Midwest

Temperatures in the Midwest were generally 2-4 degrees warmer than normal in November, although the upper Midwest was a mild 6-8 degrees above normal. Precipitation was mixed. Most areas were wetter than normal for the month, but areas of southern Michigan, Indiana, Ohio, eastern Kentucky and West Virginia were up to 3 inches drier than normal. Areas of southern Missouri were much wetter than usual, by as much as 7 inches. Most of the rest of the Midwest was 1-3 inches above normal. The abundant rain improved many of the drought areas, so drought in the region declined from 15.99 percent to 3.16 percent during November. The remaining short-term drought was mainly confined to areas of Indiana and Michigan.

High Plains

November temperatures across the High Plains ranged from 5 degrees above normal in the eastern part of the region to 5 degrees below normal in the western part. Precipitation was also mixed, with most of the eastern two-thirds of the region wetter than usual and the northern and western third normal or slightly dry. Drought declined from 3.95 to 2.03 percent during the month. Only a few pockets of drought remained in Kansas and North Dakota by the end of the month.

South

The South region was warm and had abundant moisture in November. Temperatures were generally 2-4 degrees above normal across the region, with the coolest temperatures in west Texas. Precipitation was above normal for almost the entire region, with areas of northeast Texas, Arkansas, Louisiana, and eastern Oklahoma recording precipitation of 6-9 inches or more above normal. The late summer and early fall drought that had developed over the region was quickly eliminated, similar to what happened in the spring. The South region started November with 23.74 percent in drought and 5.51 percent in severe drought, and ended with none.

West

Much of the western U.S. was cooler than normal in November, generally by 2-4 degrees. Precipitation was mixed, but generally speaking, most areas were near normal for the month. The Pacific Northwest saw a series of storms that brought enough rain to ease drought in Washington and Oregon. Areas of Idaho and western Montana also saw up to 2 inches more than usual precipitation. But the coastal regions of Oregon and much of northern California were up to 6 inches drier than normal. Drought declined, mainly in the Pacific Northwest and Four Corners regions. By the end of November, drought was affecting 48.88 percent of the West, compared to 55.42 percent at the beginning of the month. Severe drought improved from 41.21 to 37.23 percent of the region, extreme drought improved from 26.23 to 21.16 percent, and exceptional drought improved from 7.62 to 6.85 percent.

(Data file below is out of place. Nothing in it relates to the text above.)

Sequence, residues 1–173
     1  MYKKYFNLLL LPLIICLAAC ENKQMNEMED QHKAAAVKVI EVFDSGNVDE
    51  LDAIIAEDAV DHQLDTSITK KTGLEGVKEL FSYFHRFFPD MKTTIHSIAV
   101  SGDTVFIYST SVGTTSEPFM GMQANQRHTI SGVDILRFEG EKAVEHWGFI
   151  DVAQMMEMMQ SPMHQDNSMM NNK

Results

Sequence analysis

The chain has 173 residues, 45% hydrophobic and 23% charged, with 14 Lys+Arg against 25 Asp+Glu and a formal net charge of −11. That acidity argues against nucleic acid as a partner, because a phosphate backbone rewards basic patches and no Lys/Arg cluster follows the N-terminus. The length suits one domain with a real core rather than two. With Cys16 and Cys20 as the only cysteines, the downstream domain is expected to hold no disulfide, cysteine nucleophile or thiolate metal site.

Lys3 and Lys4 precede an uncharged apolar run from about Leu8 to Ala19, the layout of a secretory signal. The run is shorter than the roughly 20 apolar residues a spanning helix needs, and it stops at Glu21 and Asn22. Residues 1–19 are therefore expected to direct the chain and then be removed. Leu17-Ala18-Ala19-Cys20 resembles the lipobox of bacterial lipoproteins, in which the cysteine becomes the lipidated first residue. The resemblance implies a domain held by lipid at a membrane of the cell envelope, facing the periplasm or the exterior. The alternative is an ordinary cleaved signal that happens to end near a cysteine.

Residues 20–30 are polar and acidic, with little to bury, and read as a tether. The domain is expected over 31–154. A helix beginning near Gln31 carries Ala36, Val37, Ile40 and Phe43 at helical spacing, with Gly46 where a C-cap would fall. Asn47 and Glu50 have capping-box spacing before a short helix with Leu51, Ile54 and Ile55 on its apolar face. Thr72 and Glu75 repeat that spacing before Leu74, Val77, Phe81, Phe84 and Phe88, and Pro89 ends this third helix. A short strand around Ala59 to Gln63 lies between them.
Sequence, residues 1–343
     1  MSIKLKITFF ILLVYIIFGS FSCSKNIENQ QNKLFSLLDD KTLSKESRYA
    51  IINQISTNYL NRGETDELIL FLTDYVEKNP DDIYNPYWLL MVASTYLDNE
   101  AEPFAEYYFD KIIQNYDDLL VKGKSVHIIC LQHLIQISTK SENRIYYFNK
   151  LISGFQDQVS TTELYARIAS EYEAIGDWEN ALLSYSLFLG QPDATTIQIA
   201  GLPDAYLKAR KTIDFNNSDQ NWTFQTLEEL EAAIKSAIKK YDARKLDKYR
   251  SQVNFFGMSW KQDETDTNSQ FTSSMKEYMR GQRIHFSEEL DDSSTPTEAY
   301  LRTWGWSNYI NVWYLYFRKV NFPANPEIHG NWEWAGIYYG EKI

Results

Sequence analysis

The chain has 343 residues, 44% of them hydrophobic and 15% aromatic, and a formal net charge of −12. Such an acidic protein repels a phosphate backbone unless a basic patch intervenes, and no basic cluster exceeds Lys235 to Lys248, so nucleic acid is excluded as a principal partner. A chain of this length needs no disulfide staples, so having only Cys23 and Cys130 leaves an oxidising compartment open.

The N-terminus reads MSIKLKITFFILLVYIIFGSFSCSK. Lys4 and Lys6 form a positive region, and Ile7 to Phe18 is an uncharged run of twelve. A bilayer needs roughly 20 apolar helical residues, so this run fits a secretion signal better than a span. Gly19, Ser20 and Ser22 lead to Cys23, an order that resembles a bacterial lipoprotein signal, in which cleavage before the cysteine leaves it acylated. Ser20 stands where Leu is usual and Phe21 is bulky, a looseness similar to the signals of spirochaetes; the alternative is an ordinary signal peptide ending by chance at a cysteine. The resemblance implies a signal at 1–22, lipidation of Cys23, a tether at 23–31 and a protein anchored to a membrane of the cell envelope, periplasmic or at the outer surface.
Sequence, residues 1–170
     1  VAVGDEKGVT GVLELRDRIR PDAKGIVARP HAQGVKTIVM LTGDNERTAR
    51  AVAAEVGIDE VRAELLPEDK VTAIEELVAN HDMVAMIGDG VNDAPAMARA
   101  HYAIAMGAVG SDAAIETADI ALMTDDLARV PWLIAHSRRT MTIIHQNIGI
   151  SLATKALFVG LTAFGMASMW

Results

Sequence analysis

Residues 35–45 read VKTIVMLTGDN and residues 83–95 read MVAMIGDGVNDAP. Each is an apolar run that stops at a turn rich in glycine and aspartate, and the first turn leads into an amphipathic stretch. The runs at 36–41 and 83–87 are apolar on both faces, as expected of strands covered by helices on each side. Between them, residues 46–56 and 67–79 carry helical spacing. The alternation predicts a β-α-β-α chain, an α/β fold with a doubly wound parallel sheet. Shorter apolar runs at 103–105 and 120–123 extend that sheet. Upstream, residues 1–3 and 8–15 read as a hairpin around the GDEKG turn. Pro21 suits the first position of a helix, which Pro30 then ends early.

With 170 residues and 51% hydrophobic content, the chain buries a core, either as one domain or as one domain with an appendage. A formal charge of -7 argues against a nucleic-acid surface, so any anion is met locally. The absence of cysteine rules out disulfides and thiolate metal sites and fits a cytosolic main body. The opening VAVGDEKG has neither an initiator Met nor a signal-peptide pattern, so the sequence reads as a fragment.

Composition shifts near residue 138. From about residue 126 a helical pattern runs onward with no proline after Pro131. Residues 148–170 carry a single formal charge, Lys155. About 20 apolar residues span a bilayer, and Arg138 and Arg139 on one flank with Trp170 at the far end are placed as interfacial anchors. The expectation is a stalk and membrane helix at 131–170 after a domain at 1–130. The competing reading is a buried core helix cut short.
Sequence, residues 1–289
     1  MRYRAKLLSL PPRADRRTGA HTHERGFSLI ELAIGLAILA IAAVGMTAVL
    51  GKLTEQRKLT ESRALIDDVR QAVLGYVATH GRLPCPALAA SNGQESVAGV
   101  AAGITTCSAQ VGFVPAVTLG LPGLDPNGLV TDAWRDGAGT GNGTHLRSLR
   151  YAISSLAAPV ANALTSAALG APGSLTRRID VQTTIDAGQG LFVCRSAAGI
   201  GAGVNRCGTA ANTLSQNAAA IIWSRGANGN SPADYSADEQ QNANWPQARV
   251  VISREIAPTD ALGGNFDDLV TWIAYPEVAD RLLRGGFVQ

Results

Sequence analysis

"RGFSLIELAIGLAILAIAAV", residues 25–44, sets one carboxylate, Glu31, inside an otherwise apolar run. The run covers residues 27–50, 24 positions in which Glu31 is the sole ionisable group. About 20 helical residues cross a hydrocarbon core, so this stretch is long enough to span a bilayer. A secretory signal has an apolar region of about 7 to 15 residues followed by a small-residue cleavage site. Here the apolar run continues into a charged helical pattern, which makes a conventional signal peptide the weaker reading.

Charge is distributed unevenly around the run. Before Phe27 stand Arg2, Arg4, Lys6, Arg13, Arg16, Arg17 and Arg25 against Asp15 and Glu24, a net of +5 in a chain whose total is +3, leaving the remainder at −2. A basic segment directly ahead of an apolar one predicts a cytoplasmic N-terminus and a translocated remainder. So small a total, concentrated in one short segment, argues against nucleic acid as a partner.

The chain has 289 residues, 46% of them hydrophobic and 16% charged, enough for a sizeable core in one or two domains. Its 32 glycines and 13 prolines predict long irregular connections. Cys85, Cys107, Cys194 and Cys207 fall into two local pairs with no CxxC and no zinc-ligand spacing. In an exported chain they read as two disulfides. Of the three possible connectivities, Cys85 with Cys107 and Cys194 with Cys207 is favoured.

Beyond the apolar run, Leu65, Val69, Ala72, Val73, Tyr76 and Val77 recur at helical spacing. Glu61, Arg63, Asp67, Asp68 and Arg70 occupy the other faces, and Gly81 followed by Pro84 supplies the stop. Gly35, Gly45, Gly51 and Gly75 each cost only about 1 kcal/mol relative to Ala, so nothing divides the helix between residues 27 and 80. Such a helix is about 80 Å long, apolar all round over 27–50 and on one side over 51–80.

CA irrigation districts plan to capture anticipated El Niño rains; drought affecting crops in WA & TX



The two charts above summarize information from the Drought Impact Reporter.

 
The two charts above summarize information from the California Department of Water Resources Water Conditions page.
By Denise Gutzmer, Drought Impact Specialist

Intense drought remained entrenched in California as the state braced for another dry year and at the same time made preparations for flooding from the wet storms expected to arrive, courtesy of El Niño. Cities continued striving to conserve water while individuals and water districts alike planned to capture the precious rain expected to fall heavily in December, January and February. California had the most drought impacts in November with 38, while Texas and Nevada had nine and five, respectively.

California State Water Project offered initial allocation estimate of 10%

The 2016 initial allocation for the State Water Project was 10 percent of normal supplies, or half as much as was delivered in 2015, despite the expectation of heavy winter precipitation. Allocation estimates will be updated as the winter progresses. Water customers have not received a full allotment since 2006.

“California officials expect 10 percent deliveries from State Water Project,” by Dale Kasler and Phillip Reese, the Sacramento Bee (Calif.), Dec. 1, 2015

Continued water conservation efforts in California fell short

Water conservation remained the rule in California since June when Gov. Jerry Brown mandated 25 percent water conservation, compared to water use in 2013. Conservation efforts slipped to 22 percent in October, marking the first month that conservation fell below the mandated 25 percent since enforcement started in June. In the first five months of enforcement, water conservation efforts have saved an average of 27 percent per month, already putting the state at 76 percent of its conservation goal through February 2016.

“Californians miss water savings target for first time,” by Kurtis Alexander, San Francisco Chronicle (Calif.), Dec. 1, 2015

Gov. Jerry Brown extended the executive order requiring Californians to continue conserving water through October 2016 if drought conditions remain in January 2016. State water authorities have expanded powers to cope with drought and El Niño-enhanced storms expected this winter. Some environmental rules remained suspended, and the capture of abundant rainfall was encouraged.